One of the deadliest forms of cancer is melanoma, a type of skin cancer. This aggressive disease often goes undetected or ignored by people in Massachusetts and across America until it is too advanced to be treated. Usually, a patient notices that a mole has formed or changed in appearance without any other symptoms. To determine whether the mole is cancerous, a doctor must observe it for certain features and, if it appears suspicious, cells must be biopsied. Accordingly, in order to catch melanoma, a patient is dependent on his or his doctor’s abilities, and failure to make an accurate diagnosis can result in a poor outcome.
Technology may help standardize the diagnosis of melanoma using a recently introduced device called the MelaFind. The tool contains a scanner linked to an algorithm that can be held over skin in order to determine whether the scanned site has a likelihood of being pre-cancer or cancerous. Dermatologists are mixed as the whether the tool will provide a benefit to patients. Some doctors insist that the MelaFind provides too many false positives, while other providers argue that the tool may improperly fail to detect cancer, leading to a false sense of security.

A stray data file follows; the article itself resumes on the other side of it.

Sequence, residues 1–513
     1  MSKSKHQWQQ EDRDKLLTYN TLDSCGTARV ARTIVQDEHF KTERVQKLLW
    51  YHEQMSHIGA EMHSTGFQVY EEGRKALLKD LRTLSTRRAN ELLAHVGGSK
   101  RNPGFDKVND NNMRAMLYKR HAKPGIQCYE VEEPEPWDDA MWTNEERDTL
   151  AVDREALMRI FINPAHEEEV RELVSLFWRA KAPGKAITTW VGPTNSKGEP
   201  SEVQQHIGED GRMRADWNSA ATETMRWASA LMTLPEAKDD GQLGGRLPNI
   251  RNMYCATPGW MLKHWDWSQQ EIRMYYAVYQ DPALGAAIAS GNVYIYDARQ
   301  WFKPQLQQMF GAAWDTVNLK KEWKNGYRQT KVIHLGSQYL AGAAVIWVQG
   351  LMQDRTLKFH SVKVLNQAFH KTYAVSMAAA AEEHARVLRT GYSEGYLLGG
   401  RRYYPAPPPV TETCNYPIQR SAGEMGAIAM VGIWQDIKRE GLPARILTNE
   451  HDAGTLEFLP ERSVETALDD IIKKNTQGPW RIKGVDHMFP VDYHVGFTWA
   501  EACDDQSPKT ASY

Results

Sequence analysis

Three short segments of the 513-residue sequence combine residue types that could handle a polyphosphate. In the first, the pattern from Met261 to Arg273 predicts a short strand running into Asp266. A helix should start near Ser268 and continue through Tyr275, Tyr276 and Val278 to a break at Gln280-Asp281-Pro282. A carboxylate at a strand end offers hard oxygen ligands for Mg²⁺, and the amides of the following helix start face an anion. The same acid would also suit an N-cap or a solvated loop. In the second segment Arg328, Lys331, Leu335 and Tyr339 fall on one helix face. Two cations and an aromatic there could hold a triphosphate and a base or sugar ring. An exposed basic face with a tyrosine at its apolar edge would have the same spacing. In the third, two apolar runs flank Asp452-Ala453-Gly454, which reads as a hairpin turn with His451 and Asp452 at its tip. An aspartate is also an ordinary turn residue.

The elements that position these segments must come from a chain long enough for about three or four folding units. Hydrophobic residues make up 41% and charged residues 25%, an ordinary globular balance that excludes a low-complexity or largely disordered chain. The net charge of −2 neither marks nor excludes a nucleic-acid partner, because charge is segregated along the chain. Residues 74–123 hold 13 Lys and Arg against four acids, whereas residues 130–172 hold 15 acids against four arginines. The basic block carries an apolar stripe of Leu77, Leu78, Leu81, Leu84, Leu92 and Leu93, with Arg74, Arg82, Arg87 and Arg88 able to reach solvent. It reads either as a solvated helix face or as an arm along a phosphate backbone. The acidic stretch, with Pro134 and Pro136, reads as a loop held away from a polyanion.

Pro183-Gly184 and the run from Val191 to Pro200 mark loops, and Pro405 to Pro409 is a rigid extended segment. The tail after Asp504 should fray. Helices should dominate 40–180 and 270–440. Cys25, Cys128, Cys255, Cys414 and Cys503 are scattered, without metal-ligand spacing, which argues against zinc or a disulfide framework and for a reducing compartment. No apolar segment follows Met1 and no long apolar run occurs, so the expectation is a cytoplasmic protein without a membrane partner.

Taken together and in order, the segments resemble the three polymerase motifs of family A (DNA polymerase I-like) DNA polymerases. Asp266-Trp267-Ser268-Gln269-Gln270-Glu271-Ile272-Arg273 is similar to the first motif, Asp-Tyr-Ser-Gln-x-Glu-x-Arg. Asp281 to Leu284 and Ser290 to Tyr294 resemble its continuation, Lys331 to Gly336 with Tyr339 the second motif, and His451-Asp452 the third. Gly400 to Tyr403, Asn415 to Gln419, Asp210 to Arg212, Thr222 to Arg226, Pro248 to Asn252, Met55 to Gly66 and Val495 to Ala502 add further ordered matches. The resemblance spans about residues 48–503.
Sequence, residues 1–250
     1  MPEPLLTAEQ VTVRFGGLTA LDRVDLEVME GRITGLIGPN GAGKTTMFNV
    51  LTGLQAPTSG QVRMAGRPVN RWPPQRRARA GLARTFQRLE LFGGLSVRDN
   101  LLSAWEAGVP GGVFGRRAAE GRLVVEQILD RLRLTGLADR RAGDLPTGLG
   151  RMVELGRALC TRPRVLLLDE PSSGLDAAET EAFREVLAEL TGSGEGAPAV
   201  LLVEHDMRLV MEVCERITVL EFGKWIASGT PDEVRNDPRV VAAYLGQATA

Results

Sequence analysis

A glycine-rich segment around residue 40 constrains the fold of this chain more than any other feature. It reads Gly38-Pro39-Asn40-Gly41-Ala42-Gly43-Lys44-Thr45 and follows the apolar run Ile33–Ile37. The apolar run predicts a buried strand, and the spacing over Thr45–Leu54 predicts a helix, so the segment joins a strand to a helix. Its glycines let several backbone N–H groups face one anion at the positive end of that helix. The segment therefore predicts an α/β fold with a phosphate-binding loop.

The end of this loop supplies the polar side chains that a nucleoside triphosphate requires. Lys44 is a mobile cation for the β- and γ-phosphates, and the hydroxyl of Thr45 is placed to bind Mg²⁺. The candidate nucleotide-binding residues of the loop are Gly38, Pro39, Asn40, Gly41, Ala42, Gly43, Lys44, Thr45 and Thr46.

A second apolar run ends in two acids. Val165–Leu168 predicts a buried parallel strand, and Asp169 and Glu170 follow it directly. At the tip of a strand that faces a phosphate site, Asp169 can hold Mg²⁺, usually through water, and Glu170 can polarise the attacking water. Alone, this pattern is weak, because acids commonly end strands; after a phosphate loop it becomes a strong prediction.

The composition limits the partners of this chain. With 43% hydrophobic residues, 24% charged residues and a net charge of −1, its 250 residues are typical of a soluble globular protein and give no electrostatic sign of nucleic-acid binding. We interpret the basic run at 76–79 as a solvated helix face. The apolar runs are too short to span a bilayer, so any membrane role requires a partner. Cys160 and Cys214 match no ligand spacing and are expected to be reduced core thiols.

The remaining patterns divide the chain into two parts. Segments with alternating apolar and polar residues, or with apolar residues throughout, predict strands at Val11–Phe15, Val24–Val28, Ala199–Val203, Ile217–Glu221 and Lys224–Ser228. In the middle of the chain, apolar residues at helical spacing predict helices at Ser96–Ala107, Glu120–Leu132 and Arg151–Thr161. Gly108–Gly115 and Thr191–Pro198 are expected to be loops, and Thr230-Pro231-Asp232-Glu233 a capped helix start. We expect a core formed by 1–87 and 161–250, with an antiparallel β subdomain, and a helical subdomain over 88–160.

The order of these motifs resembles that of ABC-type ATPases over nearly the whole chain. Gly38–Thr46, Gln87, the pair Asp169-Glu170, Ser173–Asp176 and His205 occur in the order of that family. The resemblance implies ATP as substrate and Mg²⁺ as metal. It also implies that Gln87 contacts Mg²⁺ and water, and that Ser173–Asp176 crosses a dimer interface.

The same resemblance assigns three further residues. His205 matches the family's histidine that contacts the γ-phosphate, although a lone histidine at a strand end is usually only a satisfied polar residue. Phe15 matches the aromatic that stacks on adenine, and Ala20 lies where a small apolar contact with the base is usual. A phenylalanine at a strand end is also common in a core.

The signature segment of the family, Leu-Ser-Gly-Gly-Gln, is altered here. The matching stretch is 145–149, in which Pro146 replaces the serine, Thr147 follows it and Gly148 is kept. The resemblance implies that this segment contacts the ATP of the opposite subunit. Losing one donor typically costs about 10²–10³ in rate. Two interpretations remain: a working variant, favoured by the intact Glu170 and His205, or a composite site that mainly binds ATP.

It will be interesting to see whether the MelaFind becomes the new standard of care for dermatology and family practice doctors. If so, patients in the future may be able to file a lawsuit against a doctor for failure to diagnose cancer that would have been found using the MelaFind device. In fact, whenever a patient suffers a worsened condition due to a doctor’s failure to utilize standard technology, it can be best to consult with a medical malpractice attorney.
Source: Medical Daily, “New Melanoma-Seeking Technology Polarizes The Dermatology Field,” John Ericson, July 21, 2013